THOUSAND ISLAND PARK — Cottages, boat houses and gardens along with a historical presentation will be part of the 18th Thousand Island Park Landmark Society Cottage and Garden Tour.
The tour, with the theme, “Revisiting a Movement Along the River: Religion, Retreat, and Renewal” is 9 a.m. to noon and 1 to 4 p.m. July 18.
Thousand Island Park is on the southwest corner of Wellesley Island and was one of the several religious campground communities founded during the thriving religious revival of the late 19th century.
For 42 years, the society has worked to promote and encourage preservation, restoration and rehabilitation in the community. It was originally incorporated as the Thousand Island Park Preservation Corp.
The morning and afternoon tours will each be preceded by a short informal presentation by Ellen Detlefsen showing images and discussing the history of a number of communities, churches and chapels whose origins lie along the shores of the river.
Ms. Detlefsen is a summer resident at Thousand Island Park, with roots going back generations. She is an associate professor emerita from the University of Pittsburgh and did her graduate work for her Ph.D in 19th century American history at Columbia University and is the chairwoman of the Thousand Island Park Community Association.
Ms. Detlefsen will speak on “Religious Retreats along the St. Lawrence” which will include history of the Thousand Island Park Tabernacle where her presentations will take place, Westminster Park and Chapel, Grenell Island Chapel, Densmore Chapel, St. Brendan’s in Rock-port, Grindstone United Methodist, the Half Moon Bay Vesper services among others.
As the Landmark Society, in conjunction with the Thousand Island Park Corporation, is spearheading an update to its National Register Status, there will be an architectural historian available to educate participants about the National Register and the survey process.
The update on register status will involve the resurveying of all cottages and the first-time surveying of the boathouses,using cell phones, tablets and digital photographs. The previous survey was prepared with handwritten notations and film photography.
Society members say the new survey tools will allow the detailed information collected by both professionals and volunteers to be made public online and will allow the community to catalog what has changed and what remains the same in the nearly 40 years since the initial survey. With this information, it’s hoped by the society that Thousand Island Park will have a renewed sense of its remarkable role in American history.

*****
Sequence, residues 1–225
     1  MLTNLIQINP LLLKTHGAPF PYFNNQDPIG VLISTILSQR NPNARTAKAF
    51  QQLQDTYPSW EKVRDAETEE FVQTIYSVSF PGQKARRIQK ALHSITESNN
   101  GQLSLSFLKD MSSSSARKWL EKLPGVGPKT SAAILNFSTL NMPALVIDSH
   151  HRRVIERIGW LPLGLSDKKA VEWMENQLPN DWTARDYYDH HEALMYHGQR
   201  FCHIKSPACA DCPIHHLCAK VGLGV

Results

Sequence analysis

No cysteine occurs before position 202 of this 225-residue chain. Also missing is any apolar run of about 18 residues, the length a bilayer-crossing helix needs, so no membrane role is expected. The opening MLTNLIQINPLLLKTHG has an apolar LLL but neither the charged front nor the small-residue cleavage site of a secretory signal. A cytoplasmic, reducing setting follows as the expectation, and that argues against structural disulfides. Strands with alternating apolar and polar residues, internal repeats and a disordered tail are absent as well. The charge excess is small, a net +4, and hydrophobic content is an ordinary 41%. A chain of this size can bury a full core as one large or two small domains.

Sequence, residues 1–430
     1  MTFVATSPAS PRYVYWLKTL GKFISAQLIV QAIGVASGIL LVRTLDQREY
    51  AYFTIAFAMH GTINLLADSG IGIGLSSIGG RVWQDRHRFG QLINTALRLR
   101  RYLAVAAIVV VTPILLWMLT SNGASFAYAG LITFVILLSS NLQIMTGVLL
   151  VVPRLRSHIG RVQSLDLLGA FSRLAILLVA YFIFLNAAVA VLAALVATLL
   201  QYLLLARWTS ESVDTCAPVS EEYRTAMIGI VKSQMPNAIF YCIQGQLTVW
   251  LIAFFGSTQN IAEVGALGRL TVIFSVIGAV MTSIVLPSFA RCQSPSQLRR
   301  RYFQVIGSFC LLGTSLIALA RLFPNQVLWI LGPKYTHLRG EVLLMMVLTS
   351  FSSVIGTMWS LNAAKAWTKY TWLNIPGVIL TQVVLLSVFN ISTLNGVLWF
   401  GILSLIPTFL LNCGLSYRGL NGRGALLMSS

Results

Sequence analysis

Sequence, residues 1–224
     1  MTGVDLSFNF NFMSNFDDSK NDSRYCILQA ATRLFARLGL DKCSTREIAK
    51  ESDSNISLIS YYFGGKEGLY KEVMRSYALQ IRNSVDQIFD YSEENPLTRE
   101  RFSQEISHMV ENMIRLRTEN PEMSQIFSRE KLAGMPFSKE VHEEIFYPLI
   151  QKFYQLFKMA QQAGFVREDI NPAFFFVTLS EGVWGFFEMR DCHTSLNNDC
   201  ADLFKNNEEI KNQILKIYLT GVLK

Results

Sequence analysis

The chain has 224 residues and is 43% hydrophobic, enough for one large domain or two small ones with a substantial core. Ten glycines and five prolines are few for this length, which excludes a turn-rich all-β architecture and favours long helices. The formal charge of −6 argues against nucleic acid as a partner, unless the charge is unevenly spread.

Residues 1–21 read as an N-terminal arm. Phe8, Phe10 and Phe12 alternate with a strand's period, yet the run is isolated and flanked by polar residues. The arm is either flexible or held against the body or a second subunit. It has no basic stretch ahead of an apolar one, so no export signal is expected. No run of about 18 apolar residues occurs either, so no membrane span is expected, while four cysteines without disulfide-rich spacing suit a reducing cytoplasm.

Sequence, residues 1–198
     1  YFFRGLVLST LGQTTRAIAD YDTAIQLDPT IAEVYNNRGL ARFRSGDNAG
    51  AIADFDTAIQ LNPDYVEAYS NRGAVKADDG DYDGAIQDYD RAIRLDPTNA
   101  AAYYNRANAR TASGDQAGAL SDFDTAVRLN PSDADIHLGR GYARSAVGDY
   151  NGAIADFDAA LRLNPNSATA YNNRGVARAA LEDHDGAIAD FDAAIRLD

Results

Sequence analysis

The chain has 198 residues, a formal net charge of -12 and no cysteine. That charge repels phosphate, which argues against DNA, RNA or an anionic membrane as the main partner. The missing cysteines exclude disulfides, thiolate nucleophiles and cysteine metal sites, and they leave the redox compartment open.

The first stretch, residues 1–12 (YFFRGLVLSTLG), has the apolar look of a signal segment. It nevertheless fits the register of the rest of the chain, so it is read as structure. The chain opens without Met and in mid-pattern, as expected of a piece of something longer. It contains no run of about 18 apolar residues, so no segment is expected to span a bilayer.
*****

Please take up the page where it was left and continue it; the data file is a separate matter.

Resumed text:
The tour itself will feature five cottages and two boathouses. It will also include various private gardens, the public gardens around the park and two lemonade spots for refreshment.
Three of the cottages on the tour are of the East-Lake Victorian/late 19th Century style with one of them being in a unique location sandwiched in a triangular formation between two streets.
Another is of the Craftsman/bungalow style which underwent renovations to return closer to its original design. Another one featured is an early tent platform cottage with its original rustic interior and native stone fireplace.
The two boathouses spotlighted in the tour are both examples of renovation — one an architect-designed structure erected to fit in with its early stick style main cottage and the other constructed with added dormers and beautifully finished bead board interior.
With the river water at such high levels this season, tour organizers are hopeful that the boathouses will be accessible by tour time so participants can view both the interiors and the antique boats inside the structures.
There will also be a raffle on the day of the tour and the historic Landmark Society building will be open for shopping and research if desired. An optional luncheon will be served at the Wellesley Hotel for an additional $20 and golf cart transportation will be available.
Tour tickets are $35 and $30 for Landmark Society members. They are available at thousandislandparklandmarksociety.org or at the Landmark office, 42831 St. Lawrence Ave.
For questions on the tour or the society, call it at 315-482-5150.